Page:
If you've always fancied living out a real-life version of Splash, or following in Ariel's footsteps, then an extraordinary course in Spain could be just what you are looking for.
The Sirenas Mediterranean Academy, in Tarragona, just south of Barcelona, is bringing the mythological to life and helping thousands of people from around the world to follow their dreams by becoming a mermaid – even if only for the day.
Photo: Sirenas Mediterranean Academy
Its founder Susana Seuma, born inland in Lleida, Catalonia, was always drawn to the sea – completing her diving and lifeguarding qualifications at a young age, she was lured into the sport of freediving – diving as deep as physically possible using only the air in your own lungs.
But a serious car accident, which shattered her legs, inspired Seuma to follow her – rather unusual – lifelong ambition.
“I said to her 'you swim so much you’re just like a mermaid',” Seuma’s partner Alejandro Rodriguez, told The Local, recalling the many hours Seuma spent in hydrotherapy recovering from the accident.
“She was swimming a lot to help repair the damage to her legs and it was then she told me her dream was to be a mermaid.”
With Rodriquez’s encouragement, Seuma lauched Sirenas Mediterranean Academy in summer 2014 in Tarragona, northeastern Spain, and in the process, lured her boyfriend into the merfolk lifestyle.
“We were chasing her dreams but we ended up sharing them,” Rodriguez, who now regularly enjoys dressing as a Triton – or merman – told The Local.
Mermaids – the mythical creatures that have the body of a woman and the tail of a fish – have captivated the imagination for centuries.
From the sirens of Greek mythology and Columbus’ famous sightings of mermaids in the Caribbean (which, it has since been suggested were probably manatees) to Danish author Hans Christian Anderson’s enduring classic The Little Mermaid which inspired the Disney animated film.
More recently, online communities of mermaid aficionados have flourished. Websites such as the MerNetwork attract those fascinated by mermaids as a platform to compare tail prices and chat about their favourite depictions of mer people in popular culture.
“For people in the Mediterranean, mermaids are part of our culture,” Seuma said.
The academy offers a range of mermaid classes – starting with beginners sessions – or “baptisms” during which participants learn the basics of tail control as well as the history of mermaid mythology.
“Once in the water, the students learn floating, sprinting and resting movements as well as different styles including mermaid, dolphin and seal. We then focus on different moves including immersion, vertical and spins,” Rodriguez told The Local.
Perhaps the most essential part of any mermaid's attire is her tail, and Sirenas Mediterranean Academy makes all of its own, a beautiful array of different colours costing between €150 and €189.
You might imagine that the majority of participants in the mermaid classes are little girls, eager to become a real life Ariel like the character from Disney’s The Little Mermaid.
“Most of our students are girls, but we have students of all different ages and are becoming increasingly popular with men – we recently had a 73-year-old gentleman and a 60-year-old woman become a mermaid,” Rodriguez said.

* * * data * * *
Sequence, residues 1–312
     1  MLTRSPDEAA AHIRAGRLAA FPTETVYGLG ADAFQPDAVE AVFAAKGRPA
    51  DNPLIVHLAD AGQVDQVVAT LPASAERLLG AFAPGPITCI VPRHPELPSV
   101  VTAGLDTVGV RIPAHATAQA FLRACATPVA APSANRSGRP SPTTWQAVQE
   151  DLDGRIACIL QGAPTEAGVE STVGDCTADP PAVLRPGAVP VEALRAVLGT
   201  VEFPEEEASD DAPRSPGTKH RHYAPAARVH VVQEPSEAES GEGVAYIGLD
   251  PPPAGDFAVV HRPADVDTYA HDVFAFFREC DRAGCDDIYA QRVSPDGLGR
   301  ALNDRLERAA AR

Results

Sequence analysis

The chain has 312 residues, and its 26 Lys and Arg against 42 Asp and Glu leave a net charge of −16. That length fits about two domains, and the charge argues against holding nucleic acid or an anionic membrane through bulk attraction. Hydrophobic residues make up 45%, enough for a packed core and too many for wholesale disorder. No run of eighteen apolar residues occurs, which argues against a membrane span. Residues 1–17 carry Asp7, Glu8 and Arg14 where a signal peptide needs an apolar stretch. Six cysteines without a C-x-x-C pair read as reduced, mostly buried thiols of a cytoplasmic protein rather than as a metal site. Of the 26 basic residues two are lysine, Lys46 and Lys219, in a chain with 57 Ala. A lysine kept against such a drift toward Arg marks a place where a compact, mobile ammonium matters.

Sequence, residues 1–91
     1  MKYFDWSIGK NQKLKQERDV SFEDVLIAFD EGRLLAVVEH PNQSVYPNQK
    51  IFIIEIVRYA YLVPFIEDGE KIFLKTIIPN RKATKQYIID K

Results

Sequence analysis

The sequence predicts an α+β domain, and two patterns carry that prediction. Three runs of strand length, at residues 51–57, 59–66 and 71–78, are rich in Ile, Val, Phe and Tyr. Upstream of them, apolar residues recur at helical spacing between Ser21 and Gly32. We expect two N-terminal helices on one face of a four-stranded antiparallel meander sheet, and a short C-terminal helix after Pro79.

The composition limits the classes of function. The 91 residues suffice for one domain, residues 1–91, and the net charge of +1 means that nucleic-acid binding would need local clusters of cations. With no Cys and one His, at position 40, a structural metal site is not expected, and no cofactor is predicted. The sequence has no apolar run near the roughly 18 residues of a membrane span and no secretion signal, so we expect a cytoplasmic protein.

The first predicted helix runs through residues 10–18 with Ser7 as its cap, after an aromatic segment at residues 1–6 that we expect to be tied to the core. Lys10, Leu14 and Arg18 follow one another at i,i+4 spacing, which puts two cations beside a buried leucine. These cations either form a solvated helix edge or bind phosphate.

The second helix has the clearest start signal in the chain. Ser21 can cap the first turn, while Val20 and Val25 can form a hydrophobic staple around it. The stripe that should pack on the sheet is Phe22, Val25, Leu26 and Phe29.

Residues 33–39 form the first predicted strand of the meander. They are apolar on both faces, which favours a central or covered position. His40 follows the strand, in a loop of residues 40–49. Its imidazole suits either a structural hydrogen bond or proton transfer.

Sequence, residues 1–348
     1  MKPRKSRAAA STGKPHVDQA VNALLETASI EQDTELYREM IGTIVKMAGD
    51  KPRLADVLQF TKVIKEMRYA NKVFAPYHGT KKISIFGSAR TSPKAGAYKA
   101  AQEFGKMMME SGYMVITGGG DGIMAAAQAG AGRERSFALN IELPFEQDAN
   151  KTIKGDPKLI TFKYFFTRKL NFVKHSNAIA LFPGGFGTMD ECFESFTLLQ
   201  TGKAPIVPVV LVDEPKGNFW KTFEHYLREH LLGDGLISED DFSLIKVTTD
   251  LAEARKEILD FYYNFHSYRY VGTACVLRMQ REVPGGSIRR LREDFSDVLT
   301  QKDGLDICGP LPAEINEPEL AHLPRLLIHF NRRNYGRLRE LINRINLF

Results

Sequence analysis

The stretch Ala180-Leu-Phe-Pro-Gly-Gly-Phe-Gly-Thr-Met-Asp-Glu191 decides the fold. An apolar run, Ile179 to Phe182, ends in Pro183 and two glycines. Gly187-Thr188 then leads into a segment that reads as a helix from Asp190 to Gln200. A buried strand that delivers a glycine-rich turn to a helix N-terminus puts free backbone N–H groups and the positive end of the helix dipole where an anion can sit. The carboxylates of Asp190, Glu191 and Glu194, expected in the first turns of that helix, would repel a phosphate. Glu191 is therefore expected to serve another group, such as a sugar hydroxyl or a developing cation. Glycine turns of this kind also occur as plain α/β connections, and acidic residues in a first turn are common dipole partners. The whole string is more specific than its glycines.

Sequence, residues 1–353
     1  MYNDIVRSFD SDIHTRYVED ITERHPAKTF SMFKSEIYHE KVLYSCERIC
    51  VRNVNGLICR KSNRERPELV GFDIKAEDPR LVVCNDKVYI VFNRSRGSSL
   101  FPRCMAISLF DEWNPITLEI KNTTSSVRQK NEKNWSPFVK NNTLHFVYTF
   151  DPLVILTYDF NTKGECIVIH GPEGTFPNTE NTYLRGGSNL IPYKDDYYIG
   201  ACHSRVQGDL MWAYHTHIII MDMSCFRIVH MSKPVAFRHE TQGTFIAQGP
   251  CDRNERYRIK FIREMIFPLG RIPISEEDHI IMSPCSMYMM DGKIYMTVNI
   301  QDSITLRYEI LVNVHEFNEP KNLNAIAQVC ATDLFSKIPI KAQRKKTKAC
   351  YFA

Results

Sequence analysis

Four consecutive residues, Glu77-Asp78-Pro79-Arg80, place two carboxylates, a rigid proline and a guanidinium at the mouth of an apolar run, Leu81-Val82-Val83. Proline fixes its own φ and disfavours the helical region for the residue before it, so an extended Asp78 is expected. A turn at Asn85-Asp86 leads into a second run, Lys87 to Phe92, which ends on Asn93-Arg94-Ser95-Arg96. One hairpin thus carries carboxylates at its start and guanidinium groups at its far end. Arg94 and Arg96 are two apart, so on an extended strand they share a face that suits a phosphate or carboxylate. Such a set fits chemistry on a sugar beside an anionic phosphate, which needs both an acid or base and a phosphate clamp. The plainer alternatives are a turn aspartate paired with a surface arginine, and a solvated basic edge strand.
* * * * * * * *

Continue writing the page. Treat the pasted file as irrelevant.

The courses have also become a popular activity for private parties and hen nights with sessions held in your own pool.
The academy’s students come from around the world, from the USA and Brazil to Turkey, France, Germany and the UK, all drawn by a shared desire to get back to nature and inhabit the skin of the mythical creatures.
The Sirens Mediterranean Academy also extols the health benefits of becoming a mermaid: “exercising in the water reduces stress and anxiety, increasing the mobility and vitality of our body,” its website proudly states.
“It gives moral force and stimulates endorphins, brain substances known as the pleasure hormones, which also helps you to improve your physical appearance.”
A great workout that makes you more beautiful? Who could possibly resist?
Photo: Sirenas Mediterranean Academy.
But there is a serious message behind all the fun, games and dressing up in a sparkly tail – one which the academy’s founders are keen to impart.
“Right from the beginning, from when we started the academy, we wanted the mermaid to be the spokesperson of the sea,” Rodriguez told The Local.
“So the academy allows us to show people the importance of caring for the environment in a fun and magical way.”
Sirenas proudly proclaims on its website that “education and respect for the environment are key values” and works closely with environmental charities, to which it donates a percentage of its profits.
It also works closely with local schools to teach children about classical mythology and ecology in a fun and interesting way.
Photo: Sirenas Mediterranean Academy
Sirenas works with social charities and disabled people, helping them get back into the water in a fun and relaxed environment – and one of its goals for 2016 is to create specially designed courses for disabled visitors.
“Our intention is to bring the experience to everybody,” said Rodriguez, who says the academy has exciting expansion plans for the coming year.
“In 2016 our aim is to keep growing, teaching our values and environmental messages.
“We want to help make people’s dreams come true and for the mermaid to continue to be the spokeswoman of the sea,” he said.
“We believe her voice really has the power to cross borders.”